LAPD serves warrants in connection with Montecito Heights park slayings
Police carry items away from a residence in the 4400 block of Topaz Street in Montecito Heights. Police served a series of search warrants in November in the neighborhood and detained some people for questioning as they continued investigating the deaths of two teenagers whose bodies were found in a park.(Liz O. Baylen / Los Angeles Times)
Flowers and other items were placed at a makeshift memorial near where the bodies of Gabriela Calzada, 19, and Briana Gallegos, 17, were found in late October at Ernest E. Debs Regional Park in Montecito Heights.(Liz O. Baylen / Los Angeles Times)
Items from a residence in the 4400 block of Topaz Street in Montecito Heights are loaded into a van.(Liz O. Baylen / Los Angeles Times)
Items rest on stairs leading to the area where the bodies of Gabriela Calzada, 19, and Briana Gallegos, 17, were found in Ernest E. Debs Regional Park in Montecito Heights.(Liz O. Baylen / Los Angeles Times)
Authorities leave a residence in the 4400 block of Topaz Street in Montecito Heights on Thursday.(Liz O. Baylen / Los Angeles Times)
It was a chilling discovery in a popular Montecito Heights park: the bodies of two teenagers, in some bushes not far from a hiking trail.
An uneasiness settled into the Northeast L.A. neighborhood as detectives tried to find who killed Gabriela Calzada, 19, and Briana Gallegos, 17. Joggers and dog walkers said they were worried about going back to the park. Residents organized a vigil at the spot where the girls were found.
On Thursday, two weeks after the bodies were found, police appeared to make some progress in the case, searching three homes about a mile from Ernest E. Debs Regional Park and questioning several people in connection with the killings.
But police remained tight-lipped about the investigation, even as detectives were seen carrying bags and black bins out of the homes in Montecito Heights and El Sereno.
Cmdr. Andrew Smith, a Los Angeles Police Department spokesman, said the people detained for questioning were later released and no arrests were made. He declined to say what they told investigators, but he said none were considered suspects or persons of interest in the case.
“We believe that they may have some information about this case,” Smith said. “We wanted to talk to them and see what kind of information they had.”
Police also did not say what investigators recovered during their search.
“We’re going to do everything that we can to make sure we can put together a case that’s airtight,” Smith said. “We don’t want to do anything that in any way could compromise the case.”
At a community meeting held Thursday night at the Rose Hill Recreation Center, LAPD Capt. Martin Baeza asked the dozens of residents who gathered for patience. After he outlined the day’s events, he asked anyone with information to call police.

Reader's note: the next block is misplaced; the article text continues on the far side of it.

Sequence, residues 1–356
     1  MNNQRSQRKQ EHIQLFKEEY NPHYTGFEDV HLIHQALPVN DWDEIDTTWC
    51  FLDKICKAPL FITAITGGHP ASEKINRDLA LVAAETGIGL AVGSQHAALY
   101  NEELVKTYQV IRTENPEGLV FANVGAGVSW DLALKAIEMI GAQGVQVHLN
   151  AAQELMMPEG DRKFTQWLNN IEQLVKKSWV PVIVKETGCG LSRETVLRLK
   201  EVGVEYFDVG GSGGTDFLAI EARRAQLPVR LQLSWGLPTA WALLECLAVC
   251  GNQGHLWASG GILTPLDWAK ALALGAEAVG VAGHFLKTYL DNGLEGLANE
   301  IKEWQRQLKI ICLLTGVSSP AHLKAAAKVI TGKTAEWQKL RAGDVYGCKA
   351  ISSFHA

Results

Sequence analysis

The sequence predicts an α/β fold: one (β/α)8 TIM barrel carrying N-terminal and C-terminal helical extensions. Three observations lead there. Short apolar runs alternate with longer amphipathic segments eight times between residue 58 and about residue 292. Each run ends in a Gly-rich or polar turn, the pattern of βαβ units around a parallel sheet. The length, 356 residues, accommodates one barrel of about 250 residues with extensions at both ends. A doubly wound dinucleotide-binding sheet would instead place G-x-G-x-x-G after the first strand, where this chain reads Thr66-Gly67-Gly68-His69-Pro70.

“There’s nobody more anxious than I am to bring this investigation to a successful conclusion,” Baeza said. “Nobody deserves to be treated the way these young ladies were treated. It was atrocious.”
As Krystle Salas arrived late to the meeting, she asked a man standing near the wall, “Are we safe?”
For Salas, the killings have sparked concern. She said she grew up in the area and lives near one of the homes that was searched. She knows there’s crime in Los Angeles, but this case stands out.
A hiker discovered the bodies the afternoon of Oct. 28. Police said both teenagers had suffered significant head trauma, but coroner’s officials have not said how the girls were killed.
Police have said they do not believe the slayings were random or the work of a serial killer. But an uneasiness has settled into the community as the case has remained unsolved.
“The fear is very real,” said Raquel Roman, who organized a vigil last week to honor the girls. “If nobody is caught, I think the fear will continue.”
Those who knew the teenagers said they were excited for their futures. Calzada recently graduated from a nonviolence program run by a northeast L.A. nonprofit and wanted to try out for firefighting training. Gallegos, her friend, was eager to finish high school.
Glove-wearing investigators walked in and out of one home that was searched Thursday, a pink house in El Sereno. Neighbors, who declined to be identified out of concern for their safety, said the property was a nuisance — young people came and went at odd hours, they said, and often hung out in the backyard.
One woman said helicopters buzzed her windows Thursday morning as police surrounded the home and took one person into custody. The woman said she saw the officers give each other a thumbs-up during the sweep.
Down the street, investigators carried several brown paper bags and black bins out of another home and loaded them into a white van.
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